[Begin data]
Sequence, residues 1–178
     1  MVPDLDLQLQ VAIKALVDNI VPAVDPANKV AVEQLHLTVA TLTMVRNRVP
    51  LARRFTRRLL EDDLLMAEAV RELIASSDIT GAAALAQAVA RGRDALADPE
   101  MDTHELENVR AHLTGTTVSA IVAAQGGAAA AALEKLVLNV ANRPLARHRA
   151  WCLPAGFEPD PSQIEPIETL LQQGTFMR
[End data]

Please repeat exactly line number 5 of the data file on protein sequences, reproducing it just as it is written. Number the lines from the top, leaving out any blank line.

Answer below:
   151  WCLPAGFEPD PSQIEPIETL LQQGTFMR